Zipping Two Unequal Length Lists in a Python Dictionary


Introduction

In Python, Lists and dictionaries are one of the most used methods for data collection and processing. There are so many operations related to lists and dictionaries which are commonly used to get the data in the desired form. Sometimes we may also need to zip the two different lists and get the zipped list in the dictionary form.

In this article, we will discuss the zipping operations of two lists having an unequal length and getting the output as a dictionary. This article will help one to get an idea behind the zipping operations of the lists and generate a dictionary from the same.

So let us start our discussion on the meaning of zipping two unequal lists.

Zipping Two Unequal Length Lists

In Python, while collecting and processing the data, zipping is one of the most common operations which involves adding the two lists in the manner of key−value pairs. In simple words, it is the operations, where the values or the elements inside the lists are ordered or represented in such a way that it looks like the key−value pairs in the output result.

This operation is one of the most common ones, as sometimes we may need a list or a dictionary which is a combination of two different lists. We can have two different sizes or lengths list and we can zip it and get the output in the dictionary form in order to play with the data more easily and efficiently.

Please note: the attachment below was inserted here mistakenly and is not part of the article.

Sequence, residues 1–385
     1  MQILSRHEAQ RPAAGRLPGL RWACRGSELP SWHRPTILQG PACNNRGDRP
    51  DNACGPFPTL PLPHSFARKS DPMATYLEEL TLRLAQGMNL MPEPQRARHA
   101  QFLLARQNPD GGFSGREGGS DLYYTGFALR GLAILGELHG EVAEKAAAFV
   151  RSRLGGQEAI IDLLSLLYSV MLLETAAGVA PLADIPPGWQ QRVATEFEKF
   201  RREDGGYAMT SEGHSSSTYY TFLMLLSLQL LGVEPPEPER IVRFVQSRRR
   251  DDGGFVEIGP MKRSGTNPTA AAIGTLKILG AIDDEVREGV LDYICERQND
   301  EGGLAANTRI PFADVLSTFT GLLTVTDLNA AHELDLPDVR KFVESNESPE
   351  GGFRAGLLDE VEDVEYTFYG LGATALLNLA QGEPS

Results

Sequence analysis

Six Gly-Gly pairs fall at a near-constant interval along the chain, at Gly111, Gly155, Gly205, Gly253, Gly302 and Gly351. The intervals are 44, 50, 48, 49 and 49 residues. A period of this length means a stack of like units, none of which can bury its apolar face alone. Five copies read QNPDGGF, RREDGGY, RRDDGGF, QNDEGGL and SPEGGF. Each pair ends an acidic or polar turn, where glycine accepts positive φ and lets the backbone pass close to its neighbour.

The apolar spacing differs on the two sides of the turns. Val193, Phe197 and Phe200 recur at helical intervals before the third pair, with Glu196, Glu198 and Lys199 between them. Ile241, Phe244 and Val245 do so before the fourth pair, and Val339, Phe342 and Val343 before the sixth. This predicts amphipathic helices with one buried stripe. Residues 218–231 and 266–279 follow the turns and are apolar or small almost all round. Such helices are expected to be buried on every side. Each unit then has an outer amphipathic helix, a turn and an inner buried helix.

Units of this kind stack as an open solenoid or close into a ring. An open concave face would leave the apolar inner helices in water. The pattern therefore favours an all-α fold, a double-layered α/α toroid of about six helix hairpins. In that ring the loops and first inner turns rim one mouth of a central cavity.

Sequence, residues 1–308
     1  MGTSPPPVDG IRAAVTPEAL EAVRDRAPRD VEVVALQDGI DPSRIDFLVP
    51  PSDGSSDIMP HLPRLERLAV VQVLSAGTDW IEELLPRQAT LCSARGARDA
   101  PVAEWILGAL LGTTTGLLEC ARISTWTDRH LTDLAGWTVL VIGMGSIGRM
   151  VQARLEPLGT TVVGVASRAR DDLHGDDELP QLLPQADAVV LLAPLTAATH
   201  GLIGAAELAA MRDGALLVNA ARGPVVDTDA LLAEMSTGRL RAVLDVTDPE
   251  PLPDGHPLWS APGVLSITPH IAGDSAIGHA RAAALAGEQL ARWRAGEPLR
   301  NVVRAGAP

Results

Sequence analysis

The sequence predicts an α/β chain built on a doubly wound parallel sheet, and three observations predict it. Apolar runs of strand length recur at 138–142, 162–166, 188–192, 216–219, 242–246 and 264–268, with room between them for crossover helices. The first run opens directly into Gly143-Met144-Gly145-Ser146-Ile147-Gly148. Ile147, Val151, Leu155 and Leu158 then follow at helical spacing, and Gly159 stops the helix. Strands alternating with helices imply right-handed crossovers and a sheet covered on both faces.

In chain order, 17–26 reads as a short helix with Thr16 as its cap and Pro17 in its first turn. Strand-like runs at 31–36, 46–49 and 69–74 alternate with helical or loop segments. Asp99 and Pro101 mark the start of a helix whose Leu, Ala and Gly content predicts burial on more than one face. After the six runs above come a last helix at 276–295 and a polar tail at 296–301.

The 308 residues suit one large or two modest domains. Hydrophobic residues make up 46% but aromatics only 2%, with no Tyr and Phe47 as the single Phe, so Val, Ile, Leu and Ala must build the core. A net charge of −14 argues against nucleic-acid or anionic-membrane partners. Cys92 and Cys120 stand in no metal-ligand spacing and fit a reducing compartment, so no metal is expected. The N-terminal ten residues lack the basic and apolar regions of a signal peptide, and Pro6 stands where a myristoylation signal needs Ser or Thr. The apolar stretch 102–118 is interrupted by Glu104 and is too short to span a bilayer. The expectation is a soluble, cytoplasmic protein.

There are so many methods, using which we can do the same. Let us discuss some of those.

Method 1:Use Itertools + Cycle

We can use the itertools library and can import the cycle in order to zip the two lists and get the dictionary as an output.

# Itertools + Cycle Method 


# Import the cycle from itertools
from itertools import cycle

# define two lists
list1 = ['a', 'b', 'c', 'd', 'e']
list2 = [1, 2, 3, 4]

# zip the lists and pass them into the dictionary form
res = dict(zip(list1, cycle(list2)))

# print the final results
print("Final Output Dictionary : ", str(res))

As we can see in the above code, first we imported the cycle from itertools and then the two different−sized lists has been defined.

Then the cycle from the itertools is used to zip the two unequal−length lists and the output is then represented into the dictionary form.

Output

The output of the following code would be:

Final Output Dictionary: {'a': 1, 'b': 2, 'c': 3, 'd': 4, 'e': 1}

Method 2: Use deque

Same as the cycle from itertools, we can use the deque from the collections. Here by importing the deque we can zip two lists and get the dictionary.

# using deque for zipping lists

from collections import deque

# define two list that are to be zipped 
ini_lis1 = ['a', 'b', 'c', 'd', 'e']
ini_lis2 = deque([1, 2, 3, 4])

# zip teh lists using deque
result = {}
for letter in ini_lis1:
  number = ini_lis2.popleft()
  result[letter] = number
  ini_lis2.append(number)


# print the final results
print("Output Dict : ", str(result))

As we can see in the above code that two different−sized list has been defined after importing the deque from collections.

Then the for loop has been used to zip the two lists using append. The final result will be printed in the form of a dictionary.